A Utah man, who had shouted that he wanted to “kill Mexicans,” has been sentenced to 20 years in prison for brutally beating a Latino father and his son outside their family tire shop in one of the state’s highest-profile hate crimes.
The sentencing Monday came five years after the 2018 attack, and after a long time waiting and fearing for Luis Lopez, now 23, who suffered the brunt of the assault.
Lopez said he finally feels some relief that it’s over. He and his siblings sat in the courtroom Monday and watched Alan Dale Covington quietly accept his prison term.
“It was definitely a bittersweet moment,” said Lopez’s sister, Veronica.
Both Luis Lopez and his father, Jose, have struggled with post-traumatic stress disorder from the attack in the ensuing years. While Luis has started to recover from some of that — rearing a son and opening his own food business called the Munch Plug — Jose has gotten worse.
He has closed his tire shop permanently and did not attend the sentencing.
“He unfortunately has had a harder time coping with the attack,” Veronica said.
Covington had been convicted in a February 2020 trial of three hate crimes for attacking the father and son, as well as threatening Angel Lopez, Jose’s brother, who also worked at the shop. Covington’s sentencing was delayed several times, though, over his competency to appear in court.
In addition to his prison sentence, which has already started, the 55-year-old Covington will be on probation for five years after he is released.
Covington was found guilty of attacking the family outside Lopez Tires, near 1600 South on Salt Lake City’s Main Street, in November 2018 while screaming he was there to “kill Mexicans.”
Jose and Angel were both born in Mexico. Luis Lopez claims that heritage and is a U.S. citizen.
On the day of the beating, Jose and Luis recounted they heard yelling outside of their office, and Luis went to check it out. There was a man in the courtyard, screaming slurs: “Are you f---ing Mexican? Because I’m going to kill a Mexican.”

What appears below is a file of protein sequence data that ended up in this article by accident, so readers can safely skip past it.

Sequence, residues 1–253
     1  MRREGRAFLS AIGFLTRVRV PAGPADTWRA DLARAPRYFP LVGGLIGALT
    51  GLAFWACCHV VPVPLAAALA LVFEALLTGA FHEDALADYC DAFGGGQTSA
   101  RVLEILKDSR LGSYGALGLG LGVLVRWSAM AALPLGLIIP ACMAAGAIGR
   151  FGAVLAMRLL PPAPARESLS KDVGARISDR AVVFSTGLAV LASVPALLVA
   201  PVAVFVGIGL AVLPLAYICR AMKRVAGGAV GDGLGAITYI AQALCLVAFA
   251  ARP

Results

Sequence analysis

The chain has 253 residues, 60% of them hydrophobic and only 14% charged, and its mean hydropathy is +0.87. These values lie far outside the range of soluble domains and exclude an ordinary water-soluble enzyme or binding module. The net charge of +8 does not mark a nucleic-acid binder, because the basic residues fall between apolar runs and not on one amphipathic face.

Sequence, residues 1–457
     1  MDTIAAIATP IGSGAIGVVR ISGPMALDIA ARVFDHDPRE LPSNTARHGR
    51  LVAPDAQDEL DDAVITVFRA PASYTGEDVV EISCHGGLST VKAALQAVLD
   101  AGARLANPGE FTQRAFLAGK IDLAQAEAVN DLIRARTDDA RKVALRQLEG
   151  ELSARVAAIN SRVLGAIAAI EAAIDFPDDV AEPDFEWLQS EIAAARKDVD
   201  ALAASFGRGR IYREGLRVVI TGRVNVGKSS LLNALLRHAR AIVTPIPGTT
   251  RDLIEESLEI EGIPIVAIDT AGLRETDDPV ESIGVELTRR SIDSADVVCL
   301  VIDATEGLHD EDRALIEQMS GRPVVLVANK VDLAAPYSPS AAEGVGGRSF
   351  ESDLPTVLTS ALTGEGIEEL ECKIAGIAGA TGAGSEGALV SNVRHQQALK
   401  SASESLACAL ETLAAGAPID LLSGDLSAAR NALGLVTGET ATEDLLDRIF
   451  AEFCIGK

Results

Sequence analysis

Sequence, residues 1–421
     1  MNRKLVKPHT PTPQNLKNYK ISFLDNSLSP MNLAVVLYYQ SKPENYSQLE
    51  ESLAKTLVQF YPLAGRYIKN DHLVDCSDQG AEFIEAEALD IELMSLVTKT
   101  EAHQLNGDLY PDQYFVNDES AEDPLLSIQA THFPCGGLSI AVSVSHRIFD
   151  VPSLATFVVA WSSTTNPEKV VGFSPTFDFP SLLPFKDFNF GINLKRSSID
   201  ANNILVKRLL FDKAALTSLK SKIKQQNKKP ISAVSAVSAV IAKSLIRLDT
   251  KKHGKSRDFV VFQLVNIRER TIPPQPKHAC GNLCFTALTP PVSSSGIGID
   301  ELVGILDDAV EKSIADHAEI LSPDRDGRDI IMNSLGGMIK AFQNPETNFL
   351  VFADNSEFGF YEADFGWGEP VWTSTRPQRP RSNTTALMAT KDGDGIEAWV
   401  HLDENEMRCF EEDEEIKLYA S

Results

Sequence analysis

Covington was there gripping a metal bar with both hands, they said. Police said he also had a hatchet.
Jose and Luis asked him to leave. Angel heard the commotion and joined them. The three of them tried to escort Covington off the property, but he became more aggravated, according to police reports and court testimony.
Luis ran to the shop to find something to defend his family with, grabbing the handle of a car jack. As he approached Covington, trying to scare him off, Covington swung at him.
The first time, Luis was able to duck. The second time, the metal bar struck his face. Jose said he jumped in to try to shield the teen. Covington then hit Luis in the back until Angel eventually scared him away.
Luis has since had a titanium plate put in his face and has suffered memory issues. The father had eight stitches in his arm.
“This has destroyed my life,” Jose said in during the trial through a Spanish translator.
Family members said it was hard to see Covington again for the sentencing, but they hope this will be the last time they come face-to-face with him.
Veronica was disappointed that Covington did not appear remorseful and did not apologize. “It was definitely hard to see him,” she said, “appearing to be nonchalant about the whole situation while our whole family sat there having to relive that day once again.”
Covington was charged federally with the crimes at the time after prosecutors said Utah’s state hate crimes law fell short in the case. It has since been strengthened by state lawmakers, spurred by the attack to add teeth to the statute.
On Tuesday, U.S. Attorney Trina A. Higgins for Utah applauded Covington’s sentencing.
“This was a horrific act of hate-motivated violence and there is no place for it in our state or country,” she said in a statement. “These victims are part of our community, and no one should ever have to fear for their safety because of their race or nationality. With Covington now behind bars, we hope the victims and their families can find peace and heal from this unspeakable act of hate.”